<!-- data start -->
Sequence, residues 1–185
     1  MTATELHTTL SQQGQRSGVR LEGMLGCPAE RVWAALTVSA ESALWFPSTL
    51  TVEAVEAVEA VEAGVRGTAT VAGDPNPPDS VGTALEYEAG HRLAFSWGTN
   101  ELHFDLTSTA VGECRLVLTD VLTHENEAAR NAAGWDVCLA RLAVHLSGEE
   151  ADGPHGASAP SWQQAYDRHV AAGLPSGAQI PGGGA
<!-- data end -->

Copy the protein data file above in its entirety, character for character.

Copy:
Sequence, residues 1–185
     1  MTATELHTTL SQQGQRSGVR LEGMLGCPAE RVWAALTVSA ESALWFPSTL
    51  TVEAVEAVEA VEAGVRGTAT VAGDPNPPDS VGTALEYEAG HRLAFSWGTN
   101  ELHFDLTSTA VGECRLVLTD VLTHENEAAR NAAGWDVCLA RLAVHLSGEE
   151  ADGPHGASAP SWQQAYDRHV AAGLPSGAQI PGGGA